The "Baker" explosion, part of Operation Crossroads, a nuclear weapon test by the United States military at Bikini Atoll, Micronesia, on 25 July 1946.

The Treaty on the Prohibition of Nuclear Weapons entered into force on 22nd January 2021, having been ratified by the required number (fifty) of UN Member States (‘States Parties’) – sixty states have now ratified it. The UK government, however, has continued to refuse to engage with the TPNW – and it has shown no intention of attending this incredibly important world meeting as an observer. The first Meeting of State Parties (MSP) is happening 21st-23rd June, and it is essential that the UK government attends and begins to meaningfully engage with the treaty. 

The TPNW prohibits nations from developing, testing, producing, manufacturing, transferring, possessing, stockpiling, using or threatening to use nuclear weapons, or allowing nuclear weapons to be stationed on their territory. It also prohibits anyone from assisting, encouraging or inducing these activities. A state possessing nuclear weapons, or which hosts another state’s nuclear weapons, may join the Treaty if it agrees to destroy the weapons through a legally binding, timed plan.

The passage of the TPNW is a triumph for international civil society, led by the International Campaign Against Nuclear Weapons (ICAN) which was launched in 2007 and is a sister organisation of International Physicians for the Prevention of Nuclear War (IPPNW). ICAN, working with the UN, played a very significant part in drafting the text of the Treaty, and was awarded the Nobel Peace Prize in 2017.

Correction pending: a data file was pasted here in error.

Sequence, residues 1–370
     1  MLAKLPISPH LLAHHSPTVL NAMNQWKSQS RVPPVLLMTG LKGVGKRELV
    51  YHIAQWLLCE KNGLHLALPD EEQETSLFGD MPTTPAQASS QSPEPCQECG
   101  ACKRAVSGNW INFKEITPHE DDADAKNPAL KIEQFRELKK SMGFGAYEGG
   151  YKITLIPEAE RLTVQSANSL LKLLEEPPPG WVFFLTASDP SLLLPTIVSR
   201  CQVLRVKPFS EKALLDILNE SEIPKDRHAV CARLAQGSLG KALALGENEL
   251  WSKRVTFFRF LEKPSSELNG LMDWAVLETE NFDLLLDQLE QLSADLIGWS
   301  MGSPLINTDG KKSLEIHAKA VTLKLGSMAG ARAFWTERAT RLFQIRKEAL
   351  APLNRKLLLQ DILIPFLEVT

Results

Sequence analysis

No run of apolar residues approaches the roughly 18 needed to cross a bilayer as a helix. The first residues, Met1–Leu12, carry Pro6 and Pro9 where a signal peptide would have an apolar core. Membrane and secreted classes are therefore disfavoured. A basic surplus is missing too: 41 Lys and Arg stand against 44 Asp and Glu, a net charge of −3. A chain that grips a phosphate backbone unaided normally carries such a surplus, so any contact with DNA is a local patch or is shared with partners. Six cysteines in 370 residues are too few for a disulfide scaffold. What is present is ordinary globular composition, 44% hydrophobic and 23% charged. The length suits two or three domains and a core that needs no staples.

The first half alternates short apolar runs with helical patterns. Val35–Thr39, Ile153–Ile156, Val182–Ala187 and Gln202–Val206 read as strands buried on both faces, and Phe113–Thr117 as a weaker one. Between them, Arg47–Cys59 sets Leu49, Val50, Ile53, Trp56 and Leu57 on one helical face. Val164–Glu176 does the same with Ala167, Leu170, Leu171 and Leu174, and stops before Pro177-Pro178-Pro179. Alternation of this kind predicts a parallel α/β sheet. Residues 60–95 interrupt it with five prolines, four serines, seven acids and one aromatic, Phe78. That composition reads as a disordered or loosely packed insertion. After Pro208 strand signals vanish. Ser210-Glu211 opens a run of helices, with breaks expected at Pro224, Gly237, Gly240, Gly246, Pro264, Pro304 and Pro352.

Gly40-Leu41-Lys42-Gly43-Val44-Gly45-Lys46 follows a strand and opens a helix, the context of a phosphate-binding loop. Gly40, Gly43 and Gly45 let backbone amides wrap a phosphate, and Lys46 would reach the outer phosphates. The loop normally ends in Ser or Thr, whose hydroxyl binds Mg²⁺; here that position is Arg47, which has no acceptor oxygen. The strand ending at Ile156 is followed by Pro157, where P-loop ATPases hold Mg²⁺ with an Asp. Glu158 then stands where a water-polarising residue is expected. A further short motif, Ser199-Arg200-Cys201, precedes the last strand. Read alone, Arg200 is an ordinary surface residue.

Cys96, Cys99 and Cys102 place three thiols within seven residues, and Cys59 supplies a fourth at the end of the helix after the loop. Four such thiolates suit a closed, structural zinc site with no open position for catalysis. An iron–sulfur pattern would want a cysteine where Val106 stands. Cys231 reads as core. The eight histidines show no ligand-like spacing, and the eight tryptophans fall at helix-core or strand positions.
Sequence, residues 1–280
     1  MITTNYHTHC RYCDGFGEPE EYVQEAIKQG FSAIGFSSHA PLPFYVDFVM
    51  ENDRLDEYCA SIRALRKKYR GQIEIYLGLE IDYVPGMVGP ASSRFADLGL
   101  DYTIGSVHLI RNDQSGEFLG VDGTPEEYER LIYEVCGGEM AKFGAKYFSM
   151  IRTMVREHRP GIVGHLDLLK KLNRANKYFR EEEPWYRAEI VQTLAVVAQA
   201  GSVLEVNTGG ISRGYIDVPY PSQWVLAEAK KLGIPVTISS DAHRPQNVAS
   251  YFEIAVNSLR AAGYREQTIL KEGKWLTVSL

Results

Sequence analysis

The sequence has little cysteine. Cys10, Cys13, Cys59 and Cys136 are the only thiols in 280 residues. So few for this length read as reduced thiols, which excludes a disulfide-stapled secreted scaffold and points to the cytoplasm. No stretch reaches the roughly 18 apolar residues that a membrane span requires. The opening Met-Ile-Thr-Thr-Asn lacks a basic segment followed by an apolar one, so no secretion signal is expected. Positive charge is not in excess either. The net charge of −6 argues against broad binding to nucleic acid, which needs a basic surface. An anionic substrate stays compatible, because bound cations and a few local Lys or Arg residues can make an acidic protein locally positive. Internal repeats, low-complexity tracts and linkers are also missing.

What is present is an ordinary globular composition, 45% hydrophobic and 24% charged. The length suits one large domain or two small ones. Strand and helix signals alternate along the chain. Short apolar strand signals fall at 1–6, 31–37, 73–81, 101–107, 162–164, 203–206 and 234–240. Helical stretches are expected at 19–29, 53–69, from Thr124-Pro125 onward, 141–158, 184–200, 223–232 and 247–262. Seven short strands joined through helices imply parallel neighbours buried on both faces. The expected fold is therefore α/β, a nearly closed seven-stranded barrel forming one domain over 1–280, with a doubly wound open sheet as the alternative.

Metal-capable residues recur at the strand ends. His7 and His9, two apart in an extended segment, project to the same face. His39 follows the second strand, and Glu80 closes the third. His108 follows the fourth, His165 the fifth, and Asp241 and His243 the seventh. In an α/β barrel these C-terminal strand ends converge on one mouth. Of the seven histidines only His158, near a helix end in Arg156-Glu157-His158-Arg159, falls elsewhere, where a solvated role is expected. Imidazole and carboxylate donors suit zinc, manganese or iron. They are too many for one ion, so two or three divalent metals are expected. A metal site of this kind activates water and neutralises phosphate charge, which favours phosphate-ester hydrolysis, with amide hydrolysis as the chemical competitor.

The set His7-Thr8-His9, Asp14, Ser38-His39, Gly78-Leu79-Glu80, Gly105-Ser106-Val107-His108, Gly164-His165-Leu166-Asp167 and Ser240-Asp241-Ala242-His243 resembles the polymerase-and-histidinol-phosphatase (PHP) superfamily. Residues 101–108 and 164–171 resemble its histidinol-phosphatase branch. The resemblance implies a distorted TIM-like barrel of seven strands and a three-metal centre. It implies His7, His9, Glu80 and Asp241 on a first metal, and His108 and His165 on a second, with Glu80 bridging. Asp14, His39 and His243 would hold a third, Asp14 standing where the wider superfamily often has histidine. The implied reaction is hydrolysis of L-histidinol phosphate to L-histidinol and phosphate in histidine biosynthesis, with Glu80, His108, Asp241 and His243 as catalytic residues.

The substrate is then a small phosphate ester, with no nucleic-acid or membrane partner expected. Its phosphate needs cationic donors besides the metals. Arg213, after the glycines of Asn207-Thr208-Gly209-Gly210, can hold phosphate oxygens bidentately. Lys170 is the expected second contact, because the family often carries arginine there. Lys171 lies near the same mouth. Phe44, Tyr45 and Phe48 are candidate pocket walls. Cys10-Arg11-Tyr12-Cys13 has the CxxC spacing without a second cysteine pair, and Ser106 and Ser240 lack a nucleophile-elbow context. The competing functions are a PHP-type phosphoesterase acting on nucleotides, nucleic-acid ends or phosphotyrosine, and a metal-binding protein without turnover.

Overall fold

When Hiroshima and Nagasaki were ‘atom bombed’ in 1945, the blast and fires destroyed all buildings, including hospitals, over about 14 square kilometers: more than 120,000 people were killed immediately and a similar number died of their wounds and radiation exposure during the following three months. Other residents survived into adulthood but suffered life-long health consequences which they were able to describe to subsequent generations.

ICAN was motivated to promote the concept of the TPNW because of these catastrophic consequences and was also concerned about the slow pace of nuclear disarmament despite calls immediately after 1945. Even calls for the five established nuclear weapons states to disarm ‘in good faith’ – as made in the Nuclear Non-proliferation Treaty (NPT) of 1970 – have gone unheeded. All of the five – China, France, Russia, UK and USA (which also constitute the permanent veto-carrying States on the UN Security Council) have ratified the NPT but none have ratified the TPNW. As only ratifying States are bound to the TPNW, these five are not legally bound by it – but the Treaty does provide facilities for any nation to participate in detailed discussions and explore its potential.

The TPNW addresses the failings of the NPT but does not undermine its good intentions: countries such as Brazil and Sweden were discouraged from developing their own nuclear arsenals although, regrettably, Israel, India, North Korea and Pakistan were not. Building on the NPT, the TPNW provides a platform whereby any and all NWS can disarm safely, although obviously constructive diplomatic relationships would be essential.